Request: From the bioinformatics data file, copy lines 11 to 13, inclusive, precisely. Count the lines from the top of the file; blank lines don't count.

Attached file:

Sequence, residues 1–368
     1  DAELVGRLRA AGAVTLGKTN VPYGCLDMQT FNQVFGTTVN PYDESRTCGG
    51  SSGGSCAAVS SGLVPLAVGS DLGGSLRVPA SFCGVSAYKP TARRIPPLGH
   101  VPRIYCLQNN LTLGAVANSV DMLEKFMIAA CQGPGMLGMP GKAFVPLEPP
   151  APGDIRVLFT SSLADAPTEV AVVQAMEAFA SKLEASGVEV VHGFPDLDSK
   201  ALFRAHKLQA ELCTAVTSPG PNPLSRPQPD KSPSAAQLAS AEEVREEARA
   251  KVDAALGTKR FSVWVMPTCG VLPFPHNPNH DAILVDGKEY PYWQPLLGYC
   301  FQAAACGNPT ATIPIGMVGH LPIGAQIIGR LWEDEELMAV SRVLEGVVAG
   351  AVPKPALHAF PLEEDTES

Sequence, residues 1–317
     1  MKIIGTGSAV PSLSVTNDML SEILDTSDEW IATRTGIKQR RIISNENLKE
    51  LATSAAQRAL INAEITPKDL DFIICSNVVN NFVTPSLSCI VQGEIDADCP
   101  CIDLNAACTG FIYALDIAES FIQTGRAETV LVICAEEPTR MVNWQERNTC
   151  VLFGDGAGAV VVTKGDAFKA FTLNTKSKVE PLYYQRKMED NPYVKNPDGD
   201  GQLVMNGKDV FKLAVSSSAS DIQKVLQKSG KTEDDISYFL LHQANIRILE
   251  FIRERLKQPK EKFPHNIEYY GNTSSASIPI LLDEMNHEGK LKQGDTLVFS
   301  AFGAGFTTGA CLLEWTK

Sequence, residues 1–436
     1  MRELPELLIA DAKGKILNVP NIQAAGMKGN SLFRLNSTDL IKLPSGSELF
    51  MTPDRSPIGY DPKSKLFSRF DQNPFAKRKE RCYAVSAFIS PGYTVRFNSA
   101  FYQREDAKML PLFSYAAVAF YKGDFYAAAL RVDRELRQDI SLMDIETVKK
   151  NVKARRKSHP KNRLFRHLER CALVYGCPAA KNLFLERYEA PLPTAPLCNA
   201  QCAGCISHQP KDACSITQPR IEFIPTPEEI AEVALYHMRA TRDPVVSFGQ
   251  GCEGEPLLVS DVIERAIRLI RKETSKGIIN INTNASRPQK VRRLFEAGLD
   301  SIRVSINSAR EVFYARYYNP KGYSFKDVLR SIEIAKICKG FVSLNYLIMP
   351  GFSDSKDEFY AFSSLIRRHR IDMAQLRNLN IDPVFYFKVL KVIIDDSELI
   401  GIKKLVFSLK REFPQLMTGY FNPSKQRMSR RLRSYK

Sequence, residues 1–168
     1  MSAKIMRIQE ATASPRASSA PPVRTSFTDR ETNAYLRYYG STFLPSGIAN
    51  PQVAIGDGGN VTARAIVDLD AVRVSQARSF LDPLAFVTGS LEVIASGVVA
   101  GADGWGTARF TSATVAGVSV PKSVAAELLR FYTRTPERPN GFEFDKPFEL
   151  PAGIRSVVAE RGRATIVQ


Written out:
     1  MKIIGTGSAV PSLSVTNDML SEILDTSDEW IATRTGIKQR RIISNENLKE
    51  LATSAAQRAL INAEITPKDL DFIICSNVVN NFVTPSLSCI VQGEIDADCP
   101  CIDLNAACTG FIYALDIAES FIQTGRAETV LVICAEEPTR MVNWQERNTC